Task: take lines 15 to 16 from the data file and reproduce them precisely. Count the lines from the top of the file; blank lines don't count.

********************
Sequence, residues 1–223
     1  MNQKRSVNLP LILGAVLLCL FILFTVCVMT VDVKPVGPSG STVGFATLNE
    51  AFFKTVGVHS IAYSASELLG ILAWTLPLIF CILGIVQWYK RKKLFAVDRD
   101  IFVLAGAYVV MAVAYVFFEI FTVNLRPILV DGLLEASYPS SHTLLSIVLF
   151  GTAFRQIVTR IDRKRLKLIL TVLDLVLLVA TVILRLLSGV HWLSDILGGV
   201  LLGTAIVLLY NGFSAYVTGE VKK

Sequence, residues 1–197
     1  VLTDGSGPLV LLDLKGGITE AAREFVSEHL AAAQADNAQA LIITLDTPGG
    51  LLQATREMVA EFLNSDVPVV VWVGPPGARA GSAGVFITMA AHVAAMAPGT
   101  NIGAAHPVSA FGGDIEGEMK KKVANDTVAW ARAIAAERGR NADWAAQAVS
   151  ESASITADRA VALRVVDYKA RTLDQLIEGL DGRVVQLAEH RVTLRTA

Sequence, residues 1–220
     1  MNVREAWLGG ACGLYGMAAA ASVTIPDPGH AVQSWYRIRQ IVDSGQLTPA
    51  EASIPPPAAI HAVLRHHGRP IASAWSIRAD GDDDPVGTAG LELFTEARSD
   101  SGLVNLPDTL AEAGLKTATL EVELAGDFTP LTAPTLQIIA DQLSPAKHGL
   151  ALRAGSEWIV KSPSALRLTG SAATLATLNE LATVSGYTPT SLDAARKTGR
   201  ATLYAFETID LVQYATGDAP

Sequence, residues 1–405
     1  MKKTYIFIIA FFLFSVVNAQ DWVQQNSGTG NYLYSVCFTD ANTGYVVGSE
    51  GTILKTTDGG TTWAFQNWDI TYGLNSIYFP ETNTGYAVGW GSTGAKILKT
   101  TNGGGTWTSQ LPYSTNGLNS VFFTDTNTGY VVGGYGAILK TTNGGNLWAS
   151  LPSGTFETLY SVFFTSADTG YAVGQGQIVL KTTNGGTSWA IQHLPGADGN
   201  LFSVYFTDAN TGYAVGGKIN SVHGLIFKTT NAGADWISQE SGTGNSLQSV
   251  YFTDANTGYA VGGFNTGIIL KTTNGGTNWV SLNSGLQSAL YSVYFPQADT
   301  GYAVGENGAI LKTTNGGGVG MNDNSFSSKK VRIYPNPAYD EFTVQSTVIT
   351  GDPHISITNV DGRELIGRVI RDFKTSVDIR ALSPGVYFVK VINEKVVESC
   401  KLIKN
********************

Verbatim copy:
   101  SGLVNLPDTL AEAGLKTATL EVELAGDFTP LTAPTLQIIA DQLSPAKHGL
   151  ALRAGSEWIV KSPSALRLTG SAATLATLNE LATVSGYTPT SLDAARKTGR